Craig lodging tax not 2B
Opponent: Council should revisit issue and lower tax rate
Craig voters rejected the Craig City Council’s proposed 6.9-percent lodging tax during Tuesday’s general election.
The measure failed by 1,226 votes.
About 72 percent of Craig voters voted against the measure. The final vote total was 767 in favor and 1,993 against.
Randy Looper, a Craig resident and co-owner of the Elk Run Inn, used one word to describe his feelings about the result of the lodging tax vote.
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“I don’t look at this as a win,” he said. “Yes, I have been fighting this, but it would have been a positive for the town if the rate would have been lowered.”
Looper was one of several area lodging representatives who opposed the measure. He also started a petition against the measure, which was signed by 15 area hotel representatives, stating the group would support the lodging tax up to 4.9 percent.
A committee of Craig residents developed the lodging tax ordinance and ballot question over several months.
The committee proposed the tax be collected in the city, and be divided into four categories related to the improvement of tourism in the area. The committee also proposed two entities would manage the lodging tax money.
Looper said he would like the Craig City Council to start over and re-draft the measure with a “lower percentage rate that would work.”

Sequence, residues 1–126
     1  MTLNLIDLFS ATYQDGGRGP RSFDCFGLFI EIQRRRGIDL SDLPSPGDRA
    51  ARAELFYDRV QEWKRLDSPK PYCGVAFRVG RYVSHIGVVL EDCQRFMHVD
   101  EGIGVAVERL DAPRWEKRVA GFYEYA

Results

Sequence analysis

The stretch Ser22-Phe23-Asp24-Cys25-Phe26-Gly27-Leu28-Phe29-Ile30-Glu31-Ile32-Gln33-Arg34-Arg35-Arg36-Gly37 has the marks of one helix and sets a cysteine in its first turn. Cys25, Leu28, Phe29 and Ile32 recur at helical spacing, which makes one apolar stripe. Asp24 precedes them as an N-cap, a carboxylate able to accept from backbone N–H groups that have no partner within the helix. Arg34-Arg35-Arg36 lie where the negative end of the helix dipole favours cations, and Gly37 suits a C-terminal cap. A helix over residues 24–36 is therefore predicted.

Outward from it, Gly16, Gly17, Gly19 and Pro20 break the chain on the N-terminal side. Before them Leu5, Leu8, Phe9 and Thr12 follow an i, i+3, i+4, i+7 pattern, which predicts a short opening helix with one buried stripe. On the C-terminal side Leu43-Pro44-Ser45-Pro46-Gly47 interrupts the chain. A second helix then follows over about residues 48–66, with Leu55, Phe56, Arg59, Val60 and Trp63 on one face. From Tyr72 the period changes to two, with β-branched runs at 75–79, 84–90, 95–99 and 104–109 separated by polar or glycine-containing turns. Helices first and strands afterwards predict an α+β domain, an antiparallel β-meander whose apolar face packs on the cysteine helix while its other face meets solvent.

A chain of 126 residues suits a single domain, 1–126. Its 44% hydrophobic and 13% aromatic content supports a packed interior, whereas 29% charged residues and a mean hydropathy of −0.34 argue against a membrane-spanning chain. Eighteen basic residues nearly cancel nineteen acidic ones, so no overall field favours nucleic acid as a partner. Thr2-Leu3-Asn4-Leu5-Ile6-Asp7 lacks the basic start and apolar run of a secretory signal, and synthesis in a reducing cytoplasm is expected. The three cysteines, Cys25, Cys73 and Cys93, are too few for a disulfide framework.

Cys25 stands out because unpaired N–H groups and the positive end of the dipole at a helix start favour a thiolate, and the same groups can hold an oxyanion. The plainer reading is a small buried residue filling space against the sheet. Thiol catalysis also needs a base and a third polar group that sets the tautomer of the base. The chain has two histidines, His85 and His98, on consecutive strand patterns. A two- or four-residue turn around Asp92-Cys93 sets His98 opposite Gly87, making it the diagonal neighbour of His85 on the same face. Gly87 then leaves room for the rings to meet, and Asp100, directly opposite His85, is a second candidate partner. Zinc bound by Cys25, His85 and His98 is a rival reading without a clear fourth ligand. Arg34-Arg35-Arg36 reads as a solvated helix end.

He said the measure might have passed if the 6.9-percent tax would have been lowered.
But, Looper said he still believes a lodging tax is a good idea.
“This town needs to pull together and make it a better place and improve upon what is here,” he said.
Going into the election Tuesday, Looper said he had mixed thoughts on whether the measure would pass or fail.
Looper said he had a gut feeling the measure would not pass considering “Craig is an anti-tax town.”
“Whatever it is, it is just hard to sell an increase in taxes,” he said.
When asked if the lodging industry’s opposition of the measure and petition had any effect on the outcome, he said “I don’t think it helped.”
Looper said if the city council would have lowered the percentage, the lodging industry probably wouldn’t have run as much negative publicity about the issue.
“I needed to save my business,” he said. “My bottom line is my business.”
Craig resident Dave DeRose, who was involved in the process of developing the measure, had few words when asked how he felt about the lodging tax failing in the election.
“This leaves us no marketing and leaves us in the same boat,” he said.
DeRose said he was surprised the tax failed by the amount it did, but couldn’t “put a hand on” why.
DeRose said it would be “wise” for the city council to revisit the issue and possibly lower the rate percentage for the next election. But, that decision would be left to the city council, he added.
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Editor’s note: This story was updated at 6:45 p.m. to include a response from the Bureau of Land Management’s national office.